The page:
EDF has estimated that Hinkley Point C could cost up to £46bn and take another four years to complete.
The French state-owned client said that the first reactor will not be in use until at least 2029, two years later than the most recent 2027 goal, and could take until 2031 if electromechanical work runs into problems.
Hinkley Point C, the UK’s first nuclear plant in more than two decades, was estimated to cost between £25bn and £26bn in 2015 (between £33bn and £34.3bn in 2023 prices adjusted for inflation).
The projected cost is now between £31bn and £35bn in 2015 figures and up to £46bn in today’s money, according to the Bank of England inflation calculator.
In a letter to staff, managing director Stuart Crooks wrote: “Going first to restart the nuclear construction industry in Britain after a 20-year pause has been hard.
“Relearning nuclear skills, creating a new supply chain and training a workforce has been an immense task which others will benefit from for decades to come.
“Like other major infrastructure projects, we have found civil construction slower than we hoped and faced inflation, labour and material shortages, on top of Covid and Brexit disruption.”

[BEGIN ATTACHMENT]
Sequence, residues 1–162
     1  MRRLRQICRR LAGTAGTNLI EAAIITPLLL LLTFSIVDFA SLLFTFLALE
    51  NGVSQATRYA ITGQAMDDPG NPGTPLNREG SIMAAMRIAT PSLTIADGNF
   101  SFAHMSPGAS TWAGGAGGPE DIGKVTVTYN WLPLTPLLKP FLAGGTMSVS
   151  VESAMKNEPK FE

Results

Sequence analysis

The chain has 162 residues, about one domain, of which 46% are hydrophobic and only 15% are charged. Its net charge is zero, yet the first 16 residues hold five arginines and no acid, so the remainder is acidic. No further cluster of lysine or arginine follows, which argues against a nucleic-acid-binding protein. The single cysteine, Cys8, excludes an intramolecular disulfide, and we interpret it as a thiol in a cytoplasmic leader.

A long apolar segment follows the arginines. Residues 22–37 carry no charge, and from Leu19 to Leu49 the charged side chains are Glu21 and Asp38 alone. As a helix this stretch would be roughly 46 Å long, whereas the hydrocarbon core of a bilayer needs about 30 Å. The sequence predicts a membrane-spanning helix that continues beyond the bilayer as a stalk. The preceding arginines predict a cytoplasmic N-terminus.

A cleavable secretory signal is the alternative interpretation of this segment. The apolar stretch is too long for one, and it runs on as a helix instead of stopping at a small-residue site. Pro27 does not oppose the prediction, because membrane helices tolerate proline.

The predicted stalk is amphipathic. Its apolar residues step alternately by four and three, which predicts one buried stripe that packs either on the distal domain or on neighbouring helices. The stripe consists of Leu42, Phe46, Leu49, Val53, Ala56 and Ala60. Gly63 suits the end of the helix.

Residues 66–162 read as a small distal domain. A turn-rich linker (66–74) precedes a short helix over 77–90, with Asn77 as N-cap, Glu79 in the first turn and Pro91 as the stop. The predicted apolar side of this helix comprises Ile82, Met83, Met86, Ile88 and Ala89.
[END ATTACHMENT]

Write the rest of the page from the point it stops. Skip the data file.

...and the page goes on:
He also said that 7,000 changes had to be made to the design of the EPR reactors to meet British regulations, requiring 35 per cent more steel and 25 per cent more concrete.
He added: “The energy crisis and the urgent need to fight climate change shows how important Hinkley Point C is. We are determined to get on with the job to deliver a high-quality plant that will serve Britain reliably into the next century.”
EDF warned last February that construction costs might reach up to £32.7b in 2015 figures, but still expected the plant to start generating electricity in 2027. The firm signalled in a presentation to investors a few months later that the project risked further delays.
The project is now past the halfway point, after the dome was lifted onto the first reactor last December. Mechanical, electrical and heating work is set to ramp up this year, quadrupling the number of workers.
When in use, Hinkley Point C will generate around 7 per cent of the UK’s energy consumption.
A Department for Energy Security and Net Zero spokesperson said: “Hinkley Point C is not a government project and so any additional costs or schedule overruns are the responsibility of EDF and its partners and will in no way fall on taxpayers.
“We’ve ended the stop-start approach to nuclear and recently launched a roadmap setting out the biggest expansion of nuclear in 70 years, simplifying regulation and shortening the process for building new power stations – meaning cleaner, cheaper and more secure energy in the long-term.”